David Sloan was born in Belfast in what is now Northern Ireland in February 1843. He came to Bovina as child with his parents, Orr and Sarah Sloan in 1848. In March 1864, he married Margaret E. Hilson, daughter of William Hilson and Elizabeth Strangeway. Margaret and David had five children, all born in Bovina. Margaret died two years after the birth of her last child in 1876 when she was only 33.
Sloan lived in the house now owned by Dick and Carol Brannen, where he worked as a shoemaker. He was politically active while in Bovina. The October 06, 1886, Delaware Gazette reported that Sloan “was escorting candidate Thomson about Delhi, Monday evening. It is reported that they were looking after Prohibition votes.”
A few months later, his support of prohibition must have come into question when this report showed up in several local papers in August 1887: "David Sloan and Peter McNair went to Hobart last Monday, after Dr. McNaught to come and visit McNair's wife. They did not return that evening, as expected, nor the next. Alex. Hoy became alarmed about his horse and wagon and on Wednesday he sent David Finkle to bring the horse home. He found them at Bloomville, where they had driven through the rain on Tuesday. They had imbibed too freely at Hobart and had upset or in some way had broken the wagon, and were in a sorry condition. McNair came home with Finkle, but Sloan was not satisfied and went on to Delhi, and has not returned yet."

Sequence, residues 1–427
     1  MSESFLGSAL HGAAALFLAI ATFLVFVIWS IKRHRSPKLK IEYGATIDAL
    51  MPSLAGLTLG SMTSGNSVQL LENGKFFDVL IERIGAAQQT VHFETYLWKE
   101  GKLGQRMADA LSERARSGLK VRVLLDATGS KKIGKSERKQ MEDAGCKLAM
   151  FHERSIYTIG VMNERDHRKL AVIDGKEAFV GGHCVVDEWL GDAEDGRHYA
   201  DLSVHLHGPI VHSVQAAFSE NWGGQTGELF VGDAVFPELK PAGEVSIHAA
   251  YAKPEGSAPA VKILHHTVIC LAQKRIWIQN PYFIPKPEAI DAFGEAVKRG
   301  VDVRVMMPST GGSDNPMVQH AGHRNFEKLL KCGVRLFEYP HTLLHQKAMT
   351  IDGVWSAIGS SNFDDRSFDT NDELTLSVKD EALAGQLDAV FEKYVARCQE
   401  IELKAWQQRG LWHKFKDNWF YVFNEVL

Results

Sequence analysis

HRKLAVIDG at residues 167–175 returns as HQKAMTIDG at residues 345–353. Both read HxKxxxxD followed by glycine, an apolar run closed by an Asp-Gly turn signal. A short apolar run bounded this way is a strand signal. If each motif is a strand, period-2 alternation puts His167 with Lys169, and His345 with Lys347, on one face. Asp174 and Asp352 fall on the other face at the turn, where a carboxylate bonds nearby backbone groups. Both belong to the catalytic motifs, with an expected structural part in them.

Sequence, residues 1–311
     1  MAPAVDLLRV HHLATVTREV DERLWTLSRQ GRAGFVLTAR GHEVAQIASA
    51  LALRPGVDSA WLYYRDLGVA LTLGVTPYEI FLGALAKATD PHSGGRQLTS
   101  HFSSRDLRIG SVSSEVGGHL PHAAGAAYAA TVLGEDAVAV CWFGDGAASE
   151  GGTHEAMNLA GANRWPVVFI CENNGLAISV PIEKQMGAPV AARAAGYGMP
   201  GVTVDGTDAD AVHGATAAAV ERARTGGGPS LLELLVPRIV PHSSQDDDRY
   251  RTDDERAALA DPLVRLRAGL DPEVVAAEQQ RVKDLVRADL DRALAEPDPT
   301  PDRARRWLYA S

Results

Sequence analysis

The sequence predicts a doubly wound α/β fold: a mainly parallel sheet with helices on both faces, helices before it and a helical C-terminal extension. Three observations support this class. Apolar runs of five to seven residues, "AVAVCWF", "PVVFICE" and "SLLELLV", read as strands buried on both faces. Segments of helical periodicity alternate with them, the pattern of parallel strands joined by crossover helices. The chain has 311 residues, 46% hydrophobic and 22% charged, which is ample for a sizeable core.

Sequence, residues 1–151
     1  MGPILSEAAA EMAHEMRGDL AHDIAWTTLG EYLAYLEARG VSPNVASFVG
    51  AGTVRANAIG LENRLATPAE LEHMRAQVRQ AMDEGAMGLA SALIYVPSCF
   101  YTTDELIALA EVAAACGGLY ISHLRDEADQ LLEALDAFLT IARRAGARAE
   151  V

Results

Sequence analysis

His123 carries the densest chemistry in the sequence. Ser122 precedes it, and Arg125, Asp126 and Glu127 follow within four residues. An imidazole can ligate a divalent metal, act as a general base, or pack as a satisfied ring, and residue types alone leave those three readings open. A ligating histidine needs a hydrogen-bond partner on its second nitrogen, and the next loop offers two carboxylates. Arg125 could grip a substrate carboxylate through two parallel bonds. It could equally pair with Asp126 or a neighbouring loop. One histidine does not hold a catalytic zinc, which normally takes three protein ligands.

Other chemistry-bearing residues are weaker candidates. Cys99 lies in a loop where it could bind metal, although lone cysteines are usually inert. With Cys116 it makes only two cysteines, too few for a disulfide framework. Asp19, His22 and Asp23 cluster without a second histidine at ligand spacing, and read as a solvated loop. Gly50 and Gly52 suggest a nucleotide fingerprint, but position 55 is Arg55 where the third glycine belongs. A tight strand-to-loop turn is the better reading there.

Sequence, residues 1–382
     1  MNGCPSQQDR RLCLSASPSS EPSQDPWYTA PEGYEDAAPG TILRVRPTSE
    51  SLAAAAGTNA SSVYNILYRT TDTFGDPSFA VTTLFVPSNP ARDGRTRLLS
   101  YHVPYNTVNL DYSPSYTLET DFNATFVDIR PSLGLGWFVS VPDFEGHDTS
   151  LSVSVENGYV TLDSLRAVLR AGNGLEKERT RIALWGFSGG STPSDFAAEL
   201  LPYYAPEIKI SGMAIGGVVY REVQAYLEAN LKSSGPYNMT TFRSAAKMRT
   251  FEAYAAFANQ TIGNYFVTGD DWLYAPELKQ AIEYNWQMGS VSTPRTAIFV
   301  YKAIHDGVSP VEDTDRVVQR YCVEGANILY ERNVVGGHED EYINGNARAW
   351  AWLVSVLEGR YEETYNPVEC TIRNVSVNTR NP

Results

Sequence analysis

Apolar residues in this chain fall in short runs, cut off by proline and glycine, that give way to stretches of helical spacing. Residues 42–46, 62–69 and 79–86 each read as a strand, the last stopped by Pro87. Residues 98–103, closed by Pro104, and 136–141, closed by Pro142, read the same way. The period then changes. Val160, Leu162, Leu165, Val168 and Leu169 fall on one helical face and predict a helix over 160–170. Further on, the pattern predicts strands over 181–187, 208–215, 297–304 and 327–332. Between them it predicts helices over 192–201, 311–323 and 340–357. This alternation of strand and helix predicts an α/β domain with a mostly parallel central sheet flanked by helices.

Sloan’s reasons for heading west are not documented, but it appears that around 1890 he moved to Colorado where he worked in the coal mines in the Gunnison area of the state, living mainly in boarding houses. He worked for several years as watchman for the Colorado Fuel and Iron Col at its Crested Butte mines.
He made a number of trips back to New York to visit family members into the first decade of the 20th century, making the trips almost annually. His daughter and son-in-law moved out west in 1909. A local Colorado newspaper reported on this move: “A daughter and son-in-law of David Sloan came here from New York recently and will make this their permanent home. The reason given was that there is work here in the mines every day in the year while in York state there is nothing to do during the winter months.” David’s daughters Clara and Sarah also moved to Colorado. His son William settled in Iowa sometime in the 1910s. With his children moving west, it appears David’s trips back to New York ceased.
David’s son Leonard had moved to New York City in the 1910s and died there from pneumonia in 1916. At the time of his death, he was the manager of Sheffield Farms Milk depot. Leonard is buried in Bovina. His death was reported in the local newspapers in Crested Butte.
In later life, he was assistant sergeant at arms of the state senate in Denver. When the senate was in session, he stayed with his daughter, Sarah Gladstone in Denver. He was on duty at the state senate when he took ill and died at his daughter’s home of pneumonia on February 8, 1921. He was buried in Gunnison.